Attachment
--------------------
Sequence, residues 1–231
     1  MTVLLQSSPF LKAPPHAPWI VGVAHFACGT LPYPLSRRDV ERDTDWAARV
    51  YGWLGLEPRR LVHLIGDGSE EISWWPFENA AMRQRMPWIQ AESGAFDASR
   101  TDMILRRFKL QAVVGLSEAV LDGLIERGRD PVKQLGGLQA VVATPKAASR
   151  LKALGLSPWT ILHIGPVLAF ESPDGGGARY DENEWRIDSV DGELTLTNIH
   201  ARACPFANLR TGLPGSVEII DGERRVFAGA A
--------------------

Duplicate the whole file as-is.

Sequence, residues 1–231
     1  MTVLLQSSPF LKAPPHAPWI VGVAHFACGT LPYPLSRRDV ERDTDWAARV
    51  YGWLGLEPRR LVHLIGDGSE EISWWPFENA AMRQRMPWIQ AESGAFDASR
   101  TDMILRRFKL QAVVGLSEAV LDGLIERGRD PVKQLGGLQA VVATPKAASR
   151  LKALGLSPWT ILHIGPVLAF ESPDGGGARY DENEWRIDSV DGELTLTNIH
   201  ARACPFANLR TGLPGSVEII DGERRVFAGA A